THERE she sits, day in and day out, rain or shine, on the corner of a sidewalk on Gorordo Ave. not far from where one turns into Perpetual Succour Hospital, trying to sell her packets of candy, chicharon and other junk food to rushing passersby. Next to her sits a drooling infant strapped into a sagging babystroller, flailing its arms and legs when it isn’t sleeping. The fumes from car exhausts and dust from the road is everywhere. When it drizzles or rains hard, she ties an old umbrella over the baby carriage. Now and then, when the child, who looks a little over a year old, starts to cry, she takes it out of its seat and bares a breast to suckle it.
I take this route down Gorordo several times a week. I flinch each time I pass by that scene. Recently, I decided to stop at the sidewalk. I’d gone prepared with a bottle of water, baby food, towelettes and disposable wipes to give to the mother.
I engaged her in conversation asking if there was any way she could keep the child at home with someone, away from all the pollution and noise. No, there wasn’t, she said. Her mother was already looking after three other unruly children. What about her husband, I asked. She said he drove a habal-habal.
What else did she feed her baby? She sometimes gives a banana, she told me, as well as water. How did she come to and go from that spot everyday, I asked, and how far did she have to go to get home? She mumbled a reply, accepting the things I handed her.
I’ve never felt more helpless in my life. I’m not a wealthy philanthropist who can open shelters for children around the city.
I’m just an ordinary citizen who cringes at the sad scenes one sees in the nooks and crannies of this city. I wondered if there’s a Social Welfare office that could help this unfortunate woman.
Since the area she’s in falls under the jurisdiction of Kamputhaw, I went to the barangay office there. I was directed to the section called the Women’s Desk where I met two earnest women who said they’ve seen the woman and have talked to her, “Gibadlung na namo.” Warning her from what, I wondered. I asked if there’s such a thing as a child care center in the city where working women can leave their children temporarily; they said yes, there’s one in Carreta, but it’s quite a way from Gorordo. They said they’d talk to her again, but I did not probe into what they could actually do for her, knowing all the constraints faced by government agencies.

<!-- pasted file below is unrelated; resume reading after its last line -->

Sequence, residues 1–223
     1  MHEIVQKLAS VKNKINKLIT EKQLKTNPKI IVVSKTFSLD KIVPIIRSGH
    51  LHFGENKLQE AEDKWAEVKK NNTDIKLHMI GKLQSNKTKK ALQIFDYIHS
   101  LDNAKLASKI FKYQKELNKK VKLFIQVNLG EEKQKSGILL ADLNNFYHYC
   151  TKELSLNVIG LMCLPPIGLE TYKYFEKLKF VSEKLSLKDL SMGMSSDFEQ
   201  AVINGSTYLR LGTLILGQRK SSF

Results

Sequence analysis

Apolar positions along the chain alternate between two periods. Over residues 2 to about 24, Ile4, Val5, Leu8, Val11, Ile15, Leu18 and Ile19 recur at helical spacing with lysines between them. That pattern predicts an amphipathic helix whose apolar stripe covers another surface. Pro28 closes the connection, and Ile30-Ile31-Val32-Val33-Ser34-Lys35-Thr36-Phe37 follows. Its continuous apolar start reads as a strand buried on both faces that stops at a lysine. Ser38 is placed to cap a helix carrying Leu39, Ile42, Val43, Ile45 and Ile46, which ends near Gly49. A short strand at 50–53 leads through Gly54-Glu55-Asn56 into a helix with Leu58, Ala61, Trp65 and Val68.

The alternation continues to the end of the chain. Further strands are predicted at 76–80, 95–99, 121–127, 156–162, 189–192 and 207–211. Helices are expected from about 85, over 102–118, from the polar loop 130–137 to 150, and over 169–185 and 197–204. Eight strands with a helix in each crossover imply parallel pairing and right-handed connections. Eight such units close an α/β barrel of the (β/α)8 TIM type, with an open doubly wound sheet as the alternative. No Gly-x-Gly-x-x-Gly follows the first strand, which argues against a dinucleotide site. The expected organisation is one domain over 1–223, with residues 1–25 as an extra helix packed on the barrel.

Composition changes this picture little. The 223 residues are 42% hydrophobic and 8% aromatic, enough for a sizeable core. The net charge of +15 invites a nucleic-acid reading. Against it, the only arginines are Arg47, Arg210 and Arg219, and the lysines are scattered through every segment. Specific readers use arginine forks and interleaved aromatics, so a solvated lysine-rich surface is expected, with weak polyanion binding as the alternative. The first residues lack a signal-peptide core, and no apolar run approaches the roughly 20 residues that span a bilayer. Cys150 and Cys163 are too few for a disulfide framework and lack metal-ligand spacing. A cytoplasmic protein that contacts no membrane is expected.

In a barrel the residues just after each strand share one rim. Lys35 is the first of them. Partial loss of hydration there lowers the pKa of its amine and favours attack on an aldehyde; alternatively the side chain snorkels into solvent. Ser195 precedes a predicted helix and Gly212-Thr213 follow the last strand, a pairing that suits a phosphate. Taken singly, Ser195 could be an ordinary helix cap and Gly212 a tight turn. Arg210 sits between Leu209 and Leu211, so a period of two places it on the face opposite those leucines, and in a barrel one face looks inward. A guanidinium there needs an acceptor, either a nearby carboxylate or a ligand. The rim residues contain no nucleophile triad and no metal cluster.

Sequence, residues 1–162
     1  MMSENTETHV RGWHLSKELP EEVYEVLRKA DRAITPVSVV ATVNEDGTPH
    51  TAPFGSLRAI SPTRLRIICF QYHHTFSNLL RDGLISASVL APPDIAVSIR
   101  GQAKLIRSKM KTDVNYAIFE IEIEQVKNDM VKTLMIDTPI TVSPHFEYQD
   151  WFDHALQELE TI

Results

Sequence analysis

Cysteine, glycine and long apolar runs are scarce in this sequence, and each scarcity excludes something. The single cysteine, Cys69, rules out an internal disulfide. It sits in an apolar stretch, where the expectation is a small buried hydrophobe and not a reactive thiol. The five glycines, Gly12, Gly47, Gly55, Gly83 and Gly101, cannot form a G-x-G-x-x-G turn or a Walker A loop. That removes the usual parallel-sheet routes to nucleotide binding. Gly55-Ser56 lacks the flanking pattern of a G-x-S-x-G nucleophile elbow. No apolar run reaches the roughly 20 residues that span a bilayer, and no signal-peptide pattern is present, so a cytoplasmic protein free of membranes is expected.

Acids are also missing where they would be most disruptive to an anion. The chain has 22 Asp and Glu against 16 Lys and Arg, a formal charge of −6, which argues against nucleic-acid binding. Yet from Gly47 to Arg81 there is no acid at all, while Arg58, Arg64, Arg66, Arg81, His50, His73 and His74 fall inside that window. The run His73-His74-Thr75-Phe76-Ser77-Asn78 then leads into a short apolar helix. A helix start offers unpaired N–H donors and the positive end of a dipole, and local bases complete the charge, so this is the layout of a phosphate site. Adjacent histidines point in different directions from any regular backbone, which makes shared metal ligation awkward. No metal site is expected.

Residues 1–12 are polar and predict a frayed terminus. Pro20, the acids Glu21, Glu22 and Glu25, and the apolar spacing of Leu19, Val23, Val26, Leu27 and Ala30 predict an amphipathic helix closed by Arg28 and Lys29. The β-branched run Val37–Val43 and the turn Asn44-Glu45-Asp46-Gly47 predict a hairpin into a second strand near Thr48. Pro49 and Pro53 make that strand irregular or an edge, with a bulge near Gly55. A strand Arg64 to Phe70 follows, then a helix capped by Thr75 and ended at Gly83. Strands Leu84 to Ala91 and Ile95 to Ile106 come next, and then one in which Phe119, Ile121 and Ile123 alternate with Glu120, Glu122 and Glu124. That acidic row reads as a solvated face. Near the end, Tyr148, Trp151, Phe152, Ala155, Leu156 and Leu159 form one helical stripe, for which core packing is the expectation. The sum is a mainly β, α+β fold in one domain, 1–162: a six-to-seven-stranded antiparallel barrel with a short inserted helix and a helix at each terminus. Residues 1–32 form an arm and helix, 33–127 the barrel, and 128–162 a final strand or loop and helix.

The disparity between the haves and have-nots in this country is nothing new. It stares us in the face every single day.
The lucky few live comfortably well; others manage decently through hard work, while for most of the others, like the woman on Gorordo, the struggle to survive is a frustrating exercise, like an unending problem that keeps repeating itself. A society that’s incapable of providing the basic necessities of life for those most in need is a country’s shame.
It’s a custom during the holiday season for well-off folks to display their charity by engaging in gift-giving gestures toward indigent groups, while businesses think they’re fulfilling their “corporate responsibility” by making public shows of their charitable work among the unfortunate souls around them.
Any feelings of guilt are dispelled by token acts of giving which really don’t make a dent on the problem.
Meanwhile, too many heedless people seem to consider their main purpose in life is to indulge themselves and their relatives, while ignoring life’s realities of what’s going on in their communities. (By Isabel Escoda, Cebu City)